> It would be really cool if, instead of having a
> million *_with_index
> methods floating around in Enumerable, we had a
> method which could be
> used inside a block to retrieve the number of
> iterations that the block
> has undergone.
> 
> For instance:
> 
>   class Array
>     def collect( &e )
>       ary = []
>       i = 0
>       self.each { |item|
>         eval( "def index; #{i} end", e )
>         ary.push( e.call( item ) )
>         i += 1
>       }
>       return ary
>     end
>   end
> 
> The `index' method can then be used in the block:
>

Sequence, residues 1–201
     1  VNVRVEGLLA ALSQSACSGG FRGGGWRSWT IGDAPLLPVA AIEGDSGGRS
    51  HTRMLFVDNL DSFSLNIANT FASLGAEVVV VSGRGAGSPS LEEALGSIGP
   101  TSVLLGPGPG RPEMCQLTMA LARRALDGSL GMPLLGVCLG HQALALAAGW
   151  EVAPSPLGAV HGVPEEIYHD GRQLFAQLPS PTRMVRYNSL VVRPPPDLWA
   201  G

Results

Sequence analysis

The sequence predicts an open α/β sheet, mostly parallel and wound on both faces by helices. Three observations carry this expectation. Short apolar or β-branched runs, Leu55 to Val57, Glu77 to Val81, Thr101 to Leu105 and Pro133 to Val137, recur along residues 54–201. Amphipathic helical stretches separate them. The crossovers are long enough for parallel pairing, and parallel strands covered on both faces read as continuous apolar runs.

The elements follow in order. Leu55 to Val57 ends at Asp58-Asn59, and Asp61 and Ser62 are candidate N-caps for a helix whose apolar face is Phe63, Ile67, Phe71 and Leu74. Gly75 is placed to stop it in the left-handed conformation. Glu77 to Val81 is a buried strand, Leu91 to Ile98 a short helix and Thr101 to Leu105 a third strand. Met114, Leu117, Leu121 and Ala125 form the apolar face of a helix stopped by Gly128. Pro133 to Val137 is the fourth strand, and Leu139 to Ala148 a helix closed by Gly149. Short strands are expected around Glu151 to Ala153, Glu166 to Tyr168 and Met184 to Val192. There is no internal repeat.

>   c = z.collect { |el| f(el, a[index], b[index]) }
> 
> This implementation is flawed, though, because it
> creates the `index'
> method in whatever namespace the block is originally
> placed.  But, you
> know.. what if?? 
> 
> _why
> 
> 

(Bear in mind... I'm a newbie ;)

Wow... I like this... or at least an slight variation.

Why not have a global var (eg $# or something) that
keeps the current index whenever you're iterating
through an array/string/whatever?  

It would be consistent, extremely useful, less
confusing and completely straightforward.

OK... let the criticism flow!

Jason